Although many questions about emphysema remain unanswered, one thing is clear - quitting smoking can prevent the occurrence of emphysema and slow the disease. Other changes to your environment, such as avoiding smog, may also help prevent the development of emphysema or keep it from getting worse. Researchers continue to investigate the causes of and treatments for this disease.
People who have been diagnosed with emphysema can help to slow the progress of the disease by following these general health guidelines:
Build your resistance to infections. Ask your doctor if you're a candidate for the influenza (flu) and pneumococcal pneumonia vaccines. Though not proven to specifically help those with emphysema, the general advice to all patients should be followed: Eat a diet high in vitamins, fiber, and other nutrients, and get enough sleep.
Engage in a regular exercise program, which can help to build resistance to infections and improve your overall health. In general, if you can recover to normal within 5-10 minutes following exercise, you are not creating a strain on your body. Consult your doctor before starting any exercise program.
Try to avoid exposure to other airborne irritants, such as smoke from fireplaces or wood-burning stoves.
Contact your doctor if you feel a cold or respiratory infection coming on.
Remember that air pollution may make emphysema symptoms worse. Weather reports on radio and television, and in local newspapers, provide information about air quality. It's usually safest to be active during early morning or late evening, when air pollution levels are lowest. If pollution levels climb, it's best to stay indoors and limit activity.
Adjusting your daily routine
Emphysema is a chronic condition that forces most sufferers to limit their activities. Experts make these suggestions for adjusting to life with emphysema:
Plan ahead and figure out the least strenuous way to get things done. Rearrange your home for maximum efficiency.
Prioritize. Decide what must get done, then delay or ignore the rest.
Schedule rest periods throughout the day.
Consider using a small utility cart for doing chores and a remote control for the TV. Do as much as possible while seated.
Nice To Know:
What are some things I should think about before traveling?
Consult with your doctor if you plan to travel. If you'll be traveling outside of the U.S., consult a physician who specializes in travel medicine. He or she will be able to identify treatment concerns and provide information about levels of pollution in the areas you are visiting, weather conditions, and other pertinent factors.
The International Society of Travel Medicine http://www.istm.org publishes a Clinic Directory designed to help health care providers, the travel industry, and the public find health-care professionals with an expertise in travel medicine. More than 500 travel medicine clinics representing more than 40 countries are included in this directory.
AMTRAK http://www.amtrak.com provides train travelers with space for oxygen tanks. However, travelers dependent on supplemental oxygen must provide a battery-backup power source. Tell the reservation sales agent that you will be bringing an oxygen tank with you on your trip, so that appropriate arrangements can be made. As an additional safety precaution, you must advise the conductor that you are carrying oxygen when you board the train.
Airplane travel requires a few more steps. Airlines require a prescription from a physician indicating diagnosis, liter flow, and the number of oxygen tanks the carrier needs to provide during the trip. Travelers must contact carriers at each destination to have their oxygen delivered to their home or to the plane. For a list of local carriers, ask your home care company or consult the Yellow Pages. Information also is available from the American Society for Respiratory Care.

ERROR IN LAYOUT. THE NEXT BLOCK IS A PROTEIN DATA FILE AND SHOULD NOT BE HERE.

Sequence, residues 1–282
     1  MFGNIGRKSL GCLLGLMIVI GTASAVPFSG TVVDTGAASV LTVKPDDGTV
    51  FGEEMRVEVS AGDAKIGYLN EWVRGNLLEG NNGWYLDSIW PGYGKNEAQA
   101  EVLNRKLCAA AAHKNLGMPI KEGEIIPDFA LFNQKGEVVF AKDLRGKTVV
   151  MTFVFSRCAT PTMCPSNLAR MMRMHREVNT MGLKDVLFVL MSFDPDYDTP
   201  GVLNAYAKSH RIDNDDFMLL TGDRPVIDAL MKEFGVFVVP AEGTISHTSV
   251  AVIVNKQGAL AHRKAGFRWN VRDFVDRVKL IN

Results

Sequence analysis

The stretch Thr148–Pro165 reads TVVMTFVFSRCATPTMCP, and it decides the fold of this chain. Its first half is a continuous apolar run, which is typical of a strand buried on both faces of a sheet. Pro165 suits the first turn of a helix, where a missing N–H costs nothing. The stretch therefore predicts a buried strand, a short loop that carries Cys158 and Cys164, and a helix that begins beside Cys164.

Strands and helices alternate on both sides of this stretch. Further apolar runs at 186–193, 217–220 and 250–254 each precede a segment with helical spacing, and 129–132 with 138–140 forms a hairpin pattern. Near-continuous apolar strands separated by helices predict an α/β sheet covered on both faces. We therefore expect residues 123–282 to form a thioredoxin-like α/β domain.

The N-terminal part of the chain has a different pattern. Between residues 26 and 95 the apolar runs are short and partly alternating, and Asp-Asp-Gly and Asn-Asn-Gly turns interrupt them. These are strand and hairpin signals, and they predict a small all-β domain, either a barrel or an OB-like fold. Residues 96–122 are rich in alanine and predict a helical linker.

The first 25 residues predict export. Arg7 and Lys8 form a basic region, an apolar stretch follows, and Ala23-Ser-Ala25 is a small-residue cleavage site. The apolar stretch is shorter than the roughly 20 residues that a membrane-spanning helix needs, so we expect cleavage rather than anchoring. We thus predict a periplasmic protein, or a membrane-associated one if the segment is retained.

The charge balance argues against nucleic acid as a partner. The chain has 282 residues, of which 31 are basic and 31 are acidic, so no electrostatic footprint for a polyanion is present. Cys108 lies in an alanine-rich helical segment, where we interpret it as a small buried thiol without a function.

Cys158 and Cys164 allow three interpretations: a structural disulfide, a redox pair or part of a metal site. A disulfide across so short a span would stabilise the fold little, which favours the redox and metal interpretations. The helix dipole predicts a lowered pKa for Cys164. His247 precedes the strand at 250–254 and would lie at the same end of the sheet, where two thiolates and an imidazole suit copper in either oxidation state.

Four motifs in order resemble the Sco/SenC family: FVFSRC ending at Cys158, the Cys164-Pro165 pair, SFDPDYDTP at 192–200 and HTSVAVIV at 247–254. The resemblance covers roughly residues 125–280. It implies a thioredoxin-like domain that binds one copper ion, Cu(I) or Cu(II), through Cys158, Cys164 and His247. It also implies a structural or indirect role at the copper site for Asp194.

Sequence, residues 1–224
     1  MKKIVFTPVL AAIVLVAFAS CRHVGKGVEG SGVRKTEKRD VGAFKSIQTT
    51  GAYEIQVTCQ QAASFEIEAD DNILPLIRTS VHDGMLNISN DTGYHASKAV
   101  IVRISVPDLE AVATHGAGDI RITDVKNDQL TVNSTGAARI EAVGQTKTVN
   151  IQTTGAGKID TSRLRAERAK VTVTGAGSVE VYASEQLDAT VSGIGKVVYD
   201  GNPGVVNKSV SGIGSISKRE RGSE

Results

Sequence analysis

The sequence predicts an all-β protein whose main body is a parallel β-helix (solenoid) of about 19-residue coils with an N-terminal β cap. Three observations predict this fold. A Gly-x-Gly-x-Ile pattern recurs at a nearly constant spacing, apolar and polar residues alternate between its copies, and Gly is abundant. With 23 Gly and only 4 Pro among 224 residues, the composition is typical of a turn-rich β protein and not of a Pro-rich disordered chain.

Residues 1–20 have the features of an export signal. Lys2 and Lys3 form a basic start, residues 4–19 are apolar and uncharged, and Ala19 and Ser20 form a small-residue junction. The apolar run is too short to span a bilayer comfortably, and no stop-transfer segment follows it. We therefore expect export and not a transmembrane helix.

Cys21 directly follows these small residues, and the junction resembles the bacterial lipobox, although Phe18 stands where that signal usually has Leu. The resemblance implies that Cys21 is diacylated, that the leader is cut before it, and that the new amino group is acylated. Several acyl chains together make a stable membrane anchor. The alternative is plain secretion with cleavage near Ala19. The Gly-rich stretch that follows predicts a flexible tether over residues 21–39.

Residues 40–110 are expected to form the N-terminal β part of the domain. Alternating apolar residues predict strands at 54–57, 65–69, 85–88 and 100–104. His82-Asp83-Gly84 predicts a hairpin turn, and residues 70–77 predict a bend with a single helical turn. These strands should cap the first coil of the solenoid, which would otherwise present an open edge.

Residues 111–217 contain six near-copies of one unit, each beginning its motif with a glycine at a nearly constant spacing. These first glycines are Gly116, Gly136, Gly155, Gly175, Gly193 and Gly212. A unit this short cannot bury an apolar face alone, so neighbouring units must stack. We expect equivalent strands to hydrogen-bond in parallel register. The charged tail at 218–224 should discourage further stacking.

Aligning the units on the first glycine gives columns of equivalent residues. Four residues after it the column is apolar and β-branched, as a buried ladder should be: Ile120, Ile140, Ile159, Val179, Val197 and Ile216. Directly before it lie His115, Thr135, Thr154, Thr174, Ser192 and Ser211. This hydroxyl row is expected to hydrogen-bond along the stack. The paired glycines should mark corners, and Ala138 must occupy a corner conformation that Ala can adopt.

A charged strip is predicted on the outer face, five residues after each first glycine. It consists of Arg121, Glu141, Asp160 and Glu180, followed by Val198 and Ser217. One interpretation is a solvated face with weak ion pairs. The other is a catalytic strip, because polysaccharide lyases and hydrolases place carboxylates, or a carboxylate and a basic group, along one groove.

Airline charges for in-flight oxygen can vary widely, so it pays to shop around if you plan to fly. A recent survey of 33 international and domestic carriers found that charges for in-flight oxygen ranged from $64 to $1500. Airlines that provide in-flight oxygen usually require 48 to 72 hours notice, and liter flow options vary. You should pack any personal supplies you'll need, including extension tubing.
Unexpected layovers create problems for travelers dependent on supplemental oxygen. If you find yourself stranded without supplemental oxygen, contact the airport first-aid station or the airport fire station. Call 911 only if you are experiencing severe difficulty breathing, because ambulance crews are required to transport people they assist to a hospital.
What impact can nutrition and diet have on emphysema?
Plenty. First of all, food is fuel. Emphysema sufferers use extra energy in the simple act of breathing, so their caloric requirements can be higher than those of healthy people. Food also provides vital vitamins and nutrients. Good nutritional support helps to maintain lung function, while improper nutrition can cause the diaphragm and other breathing muscles to weaken.
Here are eating tips for people with emphysema:
Limit salt intake. Too much sodium can cause fluid retention that may interfere with breathing.
Limit intake of caffeinated drinks, which may interfere with some medications and may also make some people feel nervous.
Avoid foods that produce gas or make you feel bloated. The best process to use in eliminating foods from the diet is through trial and error.
Choose foods that are easy to prepare so you don't waste energy in preparing a meal. Try to rest before and after eating.
Avoid foods that have little or no nutritional value.
Eat six small meals a day instead of three large ones. A stomach that is too full can cause shortness of breath.
If you use supplemental oxygen, be sure to keep it on while eating, and after meals, too. Eating and digestion require energy, and causes the body to use more oxygen.